How long to freeze water?

by Patrick Ford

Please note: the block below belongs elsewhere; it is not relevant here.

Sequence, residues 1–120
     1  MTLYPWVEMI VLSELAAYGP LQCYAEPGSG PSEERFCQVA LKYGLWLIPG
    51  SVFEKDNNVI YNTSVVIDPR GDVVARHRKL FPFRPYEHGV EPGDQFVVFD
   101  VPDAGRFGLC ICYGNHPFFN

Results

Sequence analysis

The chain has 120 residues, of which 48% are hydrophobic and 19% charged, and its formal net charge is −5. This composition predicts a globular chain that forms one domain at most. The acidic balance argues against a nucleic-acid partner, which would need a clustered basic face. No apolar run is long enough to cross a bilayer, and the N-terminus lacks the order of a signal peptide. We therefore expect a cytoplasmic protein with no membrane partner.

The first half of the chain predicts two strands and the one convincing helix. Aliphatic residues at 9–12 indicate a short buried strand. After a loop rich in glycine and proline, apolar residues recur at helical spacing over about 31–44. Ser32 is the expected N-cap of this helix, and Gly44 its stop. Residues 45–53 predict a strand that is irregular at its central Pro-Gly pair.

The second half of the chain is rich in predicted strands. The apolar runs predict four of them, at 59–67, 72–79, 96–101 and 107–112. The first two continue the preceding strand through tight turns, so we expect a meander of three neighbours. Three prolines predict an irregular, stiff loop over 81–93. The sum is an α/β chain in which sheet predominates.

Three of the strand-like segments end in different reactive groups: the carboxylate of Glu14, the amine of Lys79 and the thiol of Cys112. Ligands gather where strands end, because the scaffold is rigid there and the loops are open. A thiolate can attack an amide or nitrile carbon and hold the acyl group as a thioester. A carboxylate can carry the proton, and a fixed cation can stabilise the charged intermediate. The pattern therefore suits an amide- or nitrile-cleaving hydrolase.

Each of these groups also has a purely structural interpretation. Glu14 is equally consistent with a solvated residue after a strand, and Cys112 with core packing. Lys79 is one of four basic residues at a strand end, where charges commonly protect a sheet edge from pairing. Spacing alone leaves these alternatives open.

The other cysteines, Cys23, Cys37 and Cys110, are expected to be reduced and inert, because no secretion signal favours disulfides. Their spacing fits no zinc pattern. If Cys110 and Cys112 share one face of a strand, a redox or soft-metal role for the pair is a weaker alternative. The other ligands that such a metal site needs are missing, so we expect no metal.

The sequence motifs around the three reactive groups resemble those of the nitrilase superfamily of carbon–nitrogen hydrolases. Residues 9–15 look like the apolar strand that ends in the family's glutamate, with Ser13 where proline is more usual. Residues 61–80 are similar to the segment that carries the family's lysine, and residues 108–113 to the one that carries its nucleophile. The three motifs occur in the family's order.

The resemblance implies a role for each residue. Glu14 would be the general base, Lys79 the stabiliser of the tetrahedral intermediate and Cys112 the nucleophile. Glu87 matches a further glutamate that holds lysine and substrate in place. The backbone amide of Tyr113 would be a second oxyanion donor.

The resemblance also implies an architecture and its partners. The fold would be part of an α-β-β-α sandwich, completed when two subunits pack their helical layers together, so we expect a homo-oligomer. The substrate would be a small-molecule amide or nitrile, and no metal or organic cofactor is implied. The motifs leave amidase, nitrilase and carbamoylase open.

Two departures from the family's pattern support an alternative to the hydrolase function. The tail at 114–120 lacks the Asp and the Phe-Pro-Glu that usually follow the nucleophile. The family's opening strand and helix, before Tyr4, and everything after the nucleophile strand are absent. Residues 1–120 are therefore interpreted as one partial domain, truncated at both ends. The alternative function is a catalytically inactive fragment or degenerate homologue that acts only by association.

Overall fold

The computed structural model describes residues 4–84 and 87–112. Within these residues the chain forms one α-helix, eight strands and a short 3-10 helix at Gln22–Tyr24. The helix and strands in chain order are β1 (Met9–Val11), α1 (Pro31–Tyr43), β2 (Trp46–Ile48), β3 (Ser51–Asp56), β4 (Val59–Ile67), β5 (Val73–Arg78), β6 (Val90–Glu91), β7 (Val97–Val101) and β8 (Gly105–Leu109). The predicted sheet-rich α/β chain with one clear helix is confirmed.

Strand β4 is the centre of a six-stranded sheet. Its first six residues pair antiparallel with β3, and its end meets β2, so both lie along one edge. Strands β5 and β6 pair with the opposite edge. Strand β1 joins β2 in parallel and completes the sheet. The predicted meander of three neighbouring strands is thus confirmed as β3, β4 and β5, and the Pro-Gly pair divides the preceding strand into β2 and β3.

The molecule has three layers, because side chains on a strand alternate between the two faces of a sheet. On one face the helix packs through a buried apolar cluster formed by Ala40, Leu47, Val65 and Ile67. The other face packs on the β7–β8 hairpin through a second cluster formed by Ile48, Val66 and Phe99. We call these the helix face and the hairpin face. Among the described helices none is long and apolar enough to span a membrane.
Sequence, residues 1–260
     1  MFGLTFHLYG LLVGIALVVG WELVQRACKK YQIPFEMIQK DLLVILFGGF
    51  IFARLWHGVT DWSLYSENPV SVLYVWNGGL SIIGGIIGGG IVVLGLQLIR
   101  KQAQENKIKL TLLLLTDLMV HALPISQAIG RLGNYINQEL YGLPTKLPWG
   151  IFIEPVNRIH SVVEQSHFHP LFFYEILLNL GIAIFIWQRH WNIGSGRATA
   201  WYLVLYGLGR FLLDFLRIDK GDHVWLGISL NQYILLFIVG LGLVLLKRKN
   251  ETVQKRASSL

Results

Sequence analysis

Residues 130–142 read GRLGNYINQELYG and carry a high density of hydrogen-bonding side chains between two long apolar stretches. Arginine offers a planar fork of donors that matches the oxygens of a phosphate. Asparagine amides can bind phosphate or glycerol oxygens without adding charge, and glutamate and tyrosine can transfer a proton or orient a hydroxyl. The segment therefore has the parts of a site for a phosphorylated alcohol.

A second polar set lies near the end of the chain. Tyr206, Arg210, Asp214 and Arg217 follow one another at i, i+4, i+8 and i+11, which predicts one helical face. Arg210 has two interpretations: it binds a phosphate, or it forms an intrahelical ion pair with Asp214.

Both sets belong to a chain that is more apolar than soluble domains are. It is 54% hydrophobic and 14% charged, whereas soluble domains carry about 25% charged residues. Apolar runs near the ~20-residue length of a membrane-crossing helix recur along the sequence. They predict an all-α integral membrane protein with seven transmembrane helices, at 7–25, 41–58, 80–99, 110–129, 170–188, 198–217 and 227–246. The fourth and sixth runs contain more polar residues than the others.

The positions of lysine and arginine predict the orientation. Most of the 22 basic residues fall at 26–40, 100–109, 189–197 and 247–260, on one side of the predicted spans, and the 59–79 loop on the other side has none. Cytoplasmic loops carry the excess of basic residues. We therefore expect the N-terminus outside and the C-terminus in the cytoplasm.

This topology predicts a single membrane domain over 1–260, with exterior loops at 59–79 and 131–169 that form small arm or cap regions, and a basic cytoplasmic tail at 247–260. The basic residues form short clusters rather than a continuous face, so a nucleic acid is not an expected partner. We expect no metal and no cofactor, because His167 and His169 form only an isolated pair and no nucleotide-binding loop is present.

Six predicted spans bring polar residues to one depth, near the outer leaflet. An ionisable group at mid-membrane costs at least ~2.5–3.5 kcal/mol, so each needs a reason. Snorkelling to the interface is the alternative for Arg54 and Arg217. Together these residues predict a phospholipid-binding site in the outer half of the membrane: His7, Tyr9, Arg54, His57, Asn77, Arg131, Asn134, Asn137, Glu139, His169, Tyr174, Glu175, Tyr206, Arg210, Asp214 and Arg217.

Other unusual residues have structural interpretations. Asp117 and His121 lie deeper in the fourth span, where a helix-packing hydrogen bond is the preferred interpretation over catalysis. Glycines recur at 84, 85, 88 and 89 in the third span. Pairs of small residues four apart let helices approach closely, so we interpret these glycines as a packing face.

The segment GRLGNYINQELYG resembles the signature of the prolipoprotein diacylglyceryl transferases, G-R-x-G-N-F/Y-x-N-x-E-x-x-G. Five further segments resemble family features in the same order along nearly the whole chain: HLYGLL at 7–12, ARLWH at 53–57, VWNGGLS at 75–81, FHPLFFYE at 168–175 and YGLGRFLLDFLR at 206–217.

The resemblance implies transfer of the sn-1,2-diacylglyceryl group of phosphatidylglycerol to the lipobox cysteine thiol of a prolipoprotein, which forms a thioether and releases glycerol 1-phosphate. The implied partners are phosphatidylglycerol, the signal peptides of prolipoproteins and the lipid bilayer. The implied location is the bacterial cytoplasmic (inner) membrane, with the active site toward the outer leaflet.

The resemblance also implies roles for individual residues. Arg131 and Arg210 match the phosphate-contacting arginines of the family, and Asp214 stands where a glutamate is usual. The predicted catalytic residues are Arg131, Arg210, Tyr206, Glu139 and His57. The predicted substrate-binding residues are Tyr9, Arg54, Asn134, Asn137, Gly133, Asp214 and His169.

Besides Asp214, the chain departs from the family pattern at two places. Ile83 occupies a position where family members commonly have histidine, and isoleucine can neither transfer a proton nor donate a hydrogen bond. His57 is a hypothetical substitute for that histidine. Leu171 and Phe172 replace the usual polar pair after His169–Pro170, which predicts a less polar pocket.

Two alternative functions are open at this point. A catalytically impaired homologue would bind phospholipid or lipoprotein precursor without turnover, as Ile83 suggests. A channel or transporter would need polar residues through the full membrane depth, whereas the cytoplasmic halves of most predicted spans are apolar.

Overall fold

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Hey guys, so let's check out our example. So we've got some kind of a household mini refrigerator with some coefficient of performance and a power input and we have this sample of water here that we want to freeze down into ice and we want to calculate ultimately how long it takes for us to freeze this water to ice at this temperature. So which variable is how long? Well, usually when we asked how long it takes for something to happen, that's going to be a delta T. So where in our equations are we gonna get a delta T out of? Well, if we take a look here, really, the only thing we have any information about is the coefficient of performance, which is K. So K equals three and K is equal to the the QC over W. Right? This is basically what you get out of it. The W is what you get in is what you pay to sort of get it right? The heat extracted from the cold reservoir. Alright, so what happens here is that we don't have the QC and we also don't have what the work is. But if you remember that this power input is related to work. If you remember that power is related to W over time, then what we can do here is we can say that w is equal to power times delta T. So I'm actually gonna move this down here because basically we're gonna do here is we're gonna re replace this W here in terms of power. So this QC over W becomes Qc divided by power times time. Okay, so what happens here is that in order to get the delta T. I'm gonna have to move the delta T over to the other side and then the K down. And basically they're gonna trade places. What you're gonna end up with this is this equation here, the delta T. The amount of time it takes is gonna be the heat divided by the power times the coefficient of performance. This is an equation we've seen before. This is not, but, you know, this is just an equation that we've sort of gotten to from this problem here. We can actually relate to the time that it takes for something to happen to the heat divided by the power and the coefficient of performance. So, if you look through your variables, we actually do know what the power is and we do know what the coefficient of performance is. So all we really have to do is figure out what's the heat that we have to extract from the cold reservoir. Well, in this case, what happens is the cold reservoir is really just the sample of water that I have. So, what happens, I'm extracting this heat from this cold reservoir, the sample of ice to freeze it. So, how do I figure this out? What's this QC. Well, if you think about what's going on here, we really have a phase change. We actually have a combination of a temperature and a phase change. So if you look at the sort of temperature uh the Q versus T. Graph of what's going on, what happens here is that we have to remember that the water kind of looks like this. So what happens here is that we're starting off sort of in the water region of of the graph? Right, So this is like 100 this is 100 C. This is zero degrees Celsius. We're starting over here at 20. This is my initial and then we want to go down the graph like this. So basically make all the water at 0°C and then we want to completely freeze it. Which means it's going to go all the way across the phase change and it's gonna end up right over here. So this is my final. So what happens here is that the heat that I need to extract from the cold reservoir is actually a combination of both the Q equals M. C, delta T. And the Q equals M. L. It's going to be both a temperature and a phase change. So what happens here is this Q. C. Is equal to Q. Total and this is just equal to just scoot this down and this is equal to M. C. Times delta T. Plus M. L. And this is gonna be the M the latent heat of fusion. Alright, So now I'm just gonna go ahead and start plugging in some numbers here. So I've got the mass, which is remember 0.5. So I've got 0.5, then I've got to the sea for water, which is 41-86, that I have that down here just in case you forgot it. And the temperature change. Well the temperature change in this step right here is going from 20, that's my sort of starting point Down to zero. So in other words, final minus initial would be 0 -20. Then we have to add this to the total amount of water that's changing phase. So now we have to do 0.5, right? Because all of it is gonna is gonna freeze into ice times. The the latent heat of fusion for water, which is 3.34 Times 10 to the 5th. And I'm just reading that off of my table of constants here. So what happens is by the way, also you have some some negative signs that you have to account for because technically we're freezing the ice. So what happens is you're gonna have to insert a negative sign here and a negative sign here. So what I want to mention here is that we actually want to end up with a positive number in this equation because otherwise your delta T. Is gonna be negative. So really all you have to do is just say, well the total amount of heat that you actually need to extract is gonna be this absolute sign, the absolute value sign of all these numbers plugged in. So when you work this out, what you're gonna get here is that you have to extract 2.1 times 10 to the fifth jewels. So that's the total amount of heat that you have to extract from the ice. So now what we have to do is now that we have this Q. C. We're really just gonna plug this into our delta T. Equation. So I'm gonna move this down here and my delta T. Is going to be Q. C. Which is 2.1 times 10 to the fifth, divided by the power, the power is 85 watts into the coefficient of performance is going to be three. So if you work this out, what you're gonna get is you're gonna get about 823 seconds. Alright, so that's how long it's gonna take for you to freeze this amount of water. So if you think about this this is kind of like 15 minutes, which kind of should make some sense, right? So if you stick a, you know, a little bit of water in the in the fridge, it doesn't just definitely doesn't freeze in like a minute or two, it's gonna take some time, maybe like 15 minutes, something like that. So that's pretty reasonable. Alright, so that's it for this one guys, let me know if you have any questions